IN JANUARY 1938, when Grover Cleveland Alexander was notified that he'd gained the necessary three-fourths majority in the Base Ball Writers Association's Hall of Fame selections, he said, “The Hall of Fame is fine, but it doesn't mean bread and butter. It's only your picture on the wall.” 1 The fifty-year-old Alexander—who'd won 373 games and thrown ninety shutouts over twenty big-league seasons—had spent the previous summer managing a semipro club in Springfield, Illinois, and now worked as a greeter in the owner's bar. Meanwhile, at a Brooklyn nightclub, a tuxedoed Hack Wilson, still only thirty-eight, was also chatting up customers, besides doing a song-and-dance number with a tall chorus girl.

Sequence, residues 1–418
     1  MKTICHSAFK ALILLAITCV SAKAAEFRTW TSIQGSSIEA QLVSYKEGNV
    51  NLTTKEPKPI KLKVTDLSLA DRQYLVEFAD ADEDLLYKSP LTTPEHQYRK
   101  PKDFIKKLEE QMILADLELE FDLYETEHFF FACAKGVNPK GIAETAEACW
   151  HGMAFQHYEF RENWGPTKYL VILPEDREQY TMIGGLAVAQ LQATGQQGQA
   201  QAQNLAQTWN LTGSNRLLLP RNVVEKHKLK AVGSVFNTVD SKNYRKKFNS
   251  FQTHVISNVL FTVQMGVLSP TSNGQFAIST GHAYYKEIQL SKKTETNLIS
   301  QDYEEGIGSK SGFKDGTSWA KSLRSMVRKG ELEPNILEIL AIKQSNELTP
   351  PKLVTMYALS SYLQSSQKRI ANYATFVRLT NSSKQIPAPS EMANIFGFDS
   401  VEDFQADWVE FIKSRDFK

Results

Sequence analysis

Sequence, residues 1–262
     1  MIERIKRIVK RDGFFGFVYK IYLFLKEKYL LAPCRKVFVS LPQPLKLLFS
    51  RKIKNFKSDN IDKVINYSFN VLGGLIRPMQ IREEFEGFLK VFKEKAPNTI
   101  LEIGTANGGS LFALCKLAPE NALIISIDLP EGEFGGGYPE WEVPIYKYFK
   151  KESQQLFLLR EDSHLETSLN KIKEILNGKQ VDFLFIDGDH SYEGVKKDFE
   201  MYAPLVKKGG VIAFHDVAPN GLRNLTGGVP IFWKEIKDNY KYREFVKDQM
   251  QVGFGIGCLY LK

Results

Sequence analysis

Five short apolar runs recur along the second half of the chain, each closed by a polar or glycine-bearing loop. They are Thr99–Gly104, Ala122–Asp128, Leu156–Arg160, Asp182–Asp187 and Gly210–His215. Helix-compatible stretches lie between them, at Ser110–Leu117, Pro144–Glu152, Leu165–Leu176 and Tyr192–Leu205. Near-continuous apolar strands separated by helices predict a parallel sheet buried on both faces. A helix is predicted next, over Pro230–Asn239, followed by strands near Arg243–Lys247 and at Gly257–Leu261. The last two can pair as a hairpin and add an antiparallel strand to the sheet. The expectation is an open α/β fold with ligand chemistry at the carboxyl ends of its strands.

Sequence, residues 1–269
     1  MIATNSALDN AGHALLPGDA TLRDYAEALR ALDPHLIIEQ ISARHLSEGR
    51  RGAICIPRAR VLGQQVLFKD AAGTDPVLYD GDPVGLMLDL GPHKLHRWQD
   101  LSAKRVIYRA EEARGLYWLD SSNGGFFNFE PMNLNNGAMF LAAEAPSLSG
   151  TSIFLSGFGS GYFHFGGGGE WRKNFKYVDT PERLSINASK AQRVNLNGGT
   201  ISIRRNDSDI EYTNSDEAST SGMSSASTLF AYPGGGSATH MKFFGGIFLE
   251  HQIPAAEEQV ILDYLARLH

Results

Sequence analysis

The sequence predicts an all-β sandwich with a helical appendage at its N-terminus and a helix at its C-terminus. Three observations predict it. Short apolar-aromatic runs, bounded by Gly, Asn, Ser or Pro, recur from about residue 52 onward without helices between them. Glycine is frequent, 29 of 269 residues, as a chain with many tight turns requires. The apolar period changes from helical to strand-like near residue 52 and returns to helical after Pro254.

At the 1938 World Series games in Yankee Stadium, veteran sportswriters and even a few older fans may have recognized two elderly men who were working as ushers. One was seventy-eight-year-old Arlie Latham, who'd been a famous third baseman in the 1880s and later one of John McGraw's coaches; the other was Bill Dahlen, sixty-eight, once considered the National League's premier shortstop.
The predicament of such men—men who'd had lengthy playing careers at salaries substantially above what most people earned—was fairly common in a time before players were able to wring a pension program out of the club owners. As Waite Hoyt (who'd quickly found a home in radio) wrote in 1941, baseball was a fine profession, but it had major drawbacks. It was an expensive way of life that usually involved the maintenance of two residences, especially if one had children of school age. Hoyt estimated